4. 5 Years’ Experience
    Regulation 71 requires a franchise to have proven to be a profitable business, according to the experience of the franchisor over a period of at least 5 years. This means that the franchisor (or master franchisee) should wait for at least 5 years in order to be able to offer a franchise (or subfranchise) of its business to another party. Assuming this provision is implemented as is, it will likely be problematic, both for local and international franchisors.
  5. Master Franchisee
    The requirement to appoint one master franchisee under Regulation 53 has been removed. A franchisor can now appoint a number of franchisees in Indonesia.
  6. Annual Report
    The deadline for submitting the annual report has been extended by 3 months to the end of June of each year (compared to the end of March under Regulation 53). In addition, under Regulation 71, the Ministry may conduct a site inspection of the location of the franchise business, and may question the information provided in the annual report, in particular with regard to the use of local products. The sanctions for failure to submit the annual report remain the same (from written warnings up to revocation of the business license, to be applied progressively).
  7. Self-Owned Outlets
    Previously, franchisors or franchisees in the F&B sector were only allowed to establish up to 250 self-owned outlets. Those engaged in the modern store business were permitted to operate up to 150 company-owned units. Since Regulation 71 revokes the relevant regulations, the restrictions on self-owned outlets no longer apply.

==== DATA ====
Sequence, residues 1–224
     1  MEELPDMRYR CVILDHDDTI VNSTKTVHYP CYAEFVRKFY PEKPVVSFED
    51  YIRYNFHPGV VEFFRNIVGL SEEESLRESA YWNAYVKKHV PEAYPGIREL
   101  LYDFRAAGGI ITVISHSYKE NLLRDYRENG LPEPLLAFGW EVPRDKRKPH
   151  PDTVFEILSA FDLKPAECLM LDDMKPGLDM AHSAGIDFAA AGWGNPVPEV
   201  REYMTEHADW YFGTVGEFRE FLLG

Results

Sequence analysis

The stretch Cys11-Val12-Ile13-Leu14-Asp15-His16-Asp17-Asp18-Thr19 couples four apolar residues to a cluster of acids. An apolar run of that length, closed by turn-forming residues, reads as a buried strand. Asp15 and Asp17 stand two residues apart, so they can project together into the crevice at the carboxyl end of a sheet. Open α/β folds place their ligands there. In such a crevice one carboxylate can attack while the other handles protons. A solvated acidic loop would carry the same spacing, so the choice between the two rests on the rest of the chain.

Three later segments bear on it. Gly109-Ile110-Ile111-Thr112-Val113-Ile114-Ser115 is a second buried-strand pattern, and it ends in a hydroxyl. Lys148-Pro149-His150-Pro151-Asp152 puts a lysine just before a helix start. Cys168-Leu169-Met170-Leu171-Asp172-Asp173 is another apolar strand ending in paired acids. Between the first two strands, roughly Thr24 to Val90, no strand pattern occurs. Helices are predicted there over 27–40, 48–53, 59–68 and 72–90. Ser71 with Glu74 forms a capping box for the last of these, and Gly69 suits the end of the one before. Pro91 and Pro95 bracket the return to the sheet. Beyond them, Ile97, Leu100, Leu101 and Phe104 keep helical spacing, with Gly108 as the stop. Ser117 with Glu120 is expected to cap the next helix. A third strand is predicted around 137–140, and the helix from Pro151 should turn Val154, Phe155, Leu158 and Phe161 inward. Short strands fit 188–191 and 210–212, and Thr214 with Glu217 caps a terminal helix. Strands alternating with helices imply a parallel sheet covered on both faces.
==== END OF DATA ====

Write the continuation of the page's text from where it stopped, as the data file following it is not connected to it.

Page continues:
8. Clean Break Letters
    The clean break requirement was provided in Regulation 53. Since this regulation has been revoked and Regulation 71 is silent on this issue, it would appear that the clean break is no longer required. However, it remains to be seen whether a clean break letter will still be required on deregistration of an STPW.


Although questions remain concerning Regulation 71, it does appear that there has been some relaxation in Indonesia’s franchising requirements compared to the previous regulatory regime, apart that is from the new 5 years’ profitable experience requirement, which will likely be an unexpectedly onerous imposition in many cases. We do recommend that detailed advice on the legal franchising requirements as well as specific comments on common franchising practice (and the possible alternative business models to franchising which may be available) should be sought before engaging in any franchising activities in Indonesia.


M&T Advisory is an email publication prepared by the Indonesian law firm, Makarim & Taira S. It is only intended to inform generally on the topics covered and should not be treated as a legal advice or relied upon when making investment or business decisions. Should you have any questions on any matter contained in M&T Advisory, or other comments generally, please contact your usual M&T contact or


Reagan Roy Teguh –
Mira Ayu Lestari –
Norma Mutalib –
Lia Alizia –